9 Atlantic Records Ahmet Ertegun and Jerry Wexler co-producers Aretha Franklin (born in 1942), gospel/soul singer Often called “Lady Soul” 6-9

10 Listening Guide “Respect” by Aretha Franklin (1967) Tempo: 112 beats per minute, 4 beats per bar Form: 4-bar introduction, A, B, and C sections vary in length Features: Even beat subdivisions, but some uneven in Franklin’s vocals Memphis horn sound with parallel chords Active bass Strong backbeat in drums Tenor saxophone solo Lyrics: The song demands for respect and satisfaction from a lover Charts: Pop, #1 for two weeks, R&B, #1 for eight weeks, British hits, #

11 The More Commercial Style of Motown Motown Record Co. started by Berry Gordy Jr. (born in 1929), songwriter, producer, record company owner Most performers not formerly gospel singers International Talent Management Incorporated, finishing school for performers Choreographer for vocalists Glamorous clothing Funk Brothers background in jazz and r&b Performer’s stage names part of magical image (Stevie Wonder, the Temptations, the Supremes, the Marvelettes, the Four Tops, the Miracles) 6-11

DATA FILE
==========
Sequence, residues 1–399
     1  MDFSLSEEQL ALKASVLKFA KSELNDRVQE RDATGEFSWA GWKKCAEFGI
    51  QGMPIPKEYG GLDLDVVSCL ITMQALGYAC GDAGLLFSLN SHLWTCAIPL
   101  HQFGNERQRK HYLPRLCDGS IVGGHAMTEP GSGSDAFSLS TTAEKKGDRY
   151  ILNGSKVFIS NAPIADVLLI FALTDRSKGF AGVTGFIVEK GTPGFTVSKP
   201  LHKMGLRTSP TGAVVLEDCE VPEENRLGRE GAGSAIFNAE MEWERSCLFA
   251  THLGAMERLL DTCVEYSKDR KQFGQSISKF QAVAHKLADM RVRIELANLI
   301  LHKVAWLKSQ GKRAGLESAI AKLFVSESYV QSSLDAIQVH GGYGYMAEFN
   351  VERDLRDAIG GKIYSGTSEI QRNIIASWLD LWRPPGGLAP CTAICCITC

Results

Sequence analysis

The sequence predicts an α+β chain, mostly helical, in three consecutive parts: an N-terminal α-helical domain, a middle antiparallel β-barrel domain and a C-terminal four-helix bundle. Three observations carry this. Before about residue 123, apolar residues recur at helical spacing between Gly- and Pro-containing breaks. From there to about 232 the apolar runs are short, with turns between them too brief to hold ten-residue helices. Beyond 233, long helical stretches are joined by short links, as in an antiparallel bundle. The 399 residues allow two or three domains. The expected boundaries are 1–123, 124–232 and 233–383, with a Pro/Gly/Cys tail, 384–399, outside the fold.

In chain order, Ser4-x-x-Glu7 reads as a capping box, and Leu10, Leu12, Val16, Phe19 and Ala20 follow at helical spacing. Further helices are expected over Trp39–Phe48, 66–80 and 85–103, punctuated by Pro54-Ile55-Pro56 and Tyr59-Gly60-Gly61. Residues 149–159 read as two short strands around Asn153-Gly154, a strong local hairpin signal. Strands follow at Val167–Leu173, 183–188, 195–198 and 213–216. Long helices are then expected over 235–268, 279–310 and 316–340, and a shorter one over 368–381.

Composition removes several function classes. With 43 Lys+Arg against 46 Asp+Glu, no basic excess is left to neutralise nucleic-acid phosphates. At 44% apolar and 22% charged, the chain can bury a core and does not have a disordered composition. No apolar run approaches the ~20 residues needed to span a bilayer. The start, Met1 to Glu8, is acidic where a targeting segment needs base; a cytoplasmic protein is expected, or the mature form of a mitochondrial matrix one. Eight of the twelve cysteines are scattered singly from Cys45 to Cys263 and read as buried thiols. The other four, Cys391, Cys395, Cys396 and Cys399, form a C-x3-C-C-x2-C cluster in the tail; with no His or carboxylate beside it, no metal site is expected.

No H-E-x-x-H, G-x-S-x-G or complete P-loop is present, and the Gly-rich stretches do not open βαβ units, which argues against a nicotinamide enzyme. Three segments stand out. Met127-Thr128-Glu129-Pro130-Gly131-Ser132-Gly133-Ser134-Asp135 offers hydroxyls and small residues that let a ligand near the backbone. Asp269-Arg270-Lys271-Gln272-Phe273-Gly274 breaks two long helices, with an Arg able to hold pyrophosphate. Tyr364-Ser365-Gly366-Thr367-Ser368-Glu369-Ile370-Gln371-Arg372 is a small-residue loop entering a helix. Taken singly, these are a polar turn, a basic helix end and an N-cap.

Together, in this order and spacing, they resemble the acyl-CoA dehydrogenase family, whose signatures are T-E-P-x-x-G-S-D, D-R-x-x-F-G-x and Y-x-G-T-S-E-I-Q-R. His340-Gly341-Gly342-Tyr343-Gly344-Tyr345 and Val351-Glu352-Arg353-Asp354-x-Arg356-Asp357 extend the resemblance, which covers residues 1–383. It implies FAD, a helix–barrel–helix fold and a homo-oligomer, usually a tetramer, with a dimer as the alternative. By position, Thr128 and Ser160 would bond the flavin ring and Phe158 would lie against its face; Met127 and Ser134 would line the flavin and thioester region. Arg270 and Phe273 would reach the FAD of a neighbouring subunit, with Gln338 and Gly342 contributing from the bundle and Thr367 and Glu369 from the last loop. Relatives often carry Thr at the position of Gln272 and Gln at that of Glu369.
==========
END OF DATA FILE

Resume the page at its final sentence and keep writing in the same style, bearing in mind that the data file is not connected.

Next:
12 Listening Guide “My Girl” by the Temptations (1965) Tempo: 112 beats per minute, 4 beats per bar Form: Mostly 8-bar sections Instrumental section with vocal responses Features: Backbeat with finger snaps, then drums Orchestral string section and brass fills Vocal group responds to lead singer David Ruffin in more pop than gospel style Lyrics: The singer is fulfilled when he is with his girl Charts: Pop, #1, R&B, #1 for six weeks 6-12

13 Stevie Wonder (born in 1950), singer, songwriter, producer, keyboard and harmonica player Motown’s first child star (age 12) Gained production control of recordings at age 21, rare for Motown company Michael Jackson ( ), singer, songwriter, dancer Lead singer with the Jackson 5 at Motown Motown’s second child star (age 10) Marvin Gaye (1939 – 1984), singer 6-13

14 Listening Guide “What’s Going On” by Marvin Gaye (1971) Tempo: 102 beats per minute, 4 beats per bar Form: Mostly 4-bar phrases Features: Party-like conversation, then 4 bar instrumental before Gaye’s vocals Thickly arranged orchestra includes the Funk Brothers and backup singers Electric bass and drums part of accompaniment Subtle backbeat played by drums and clapped by singers at the end Lyrics: the song is a general plea for peace and understanding in a time of sorrow and unrest. Charts: Pop, #2 for three weeks, R&B, #1 for five weeks 6-14

15 Discussion Questions In what various ways did soul music and its performers affect the civil rights movement? Civil rights leaders tended to admire James Brown much more than other great soul or Motown artists. What are some of the likely reasons for that?s 6-15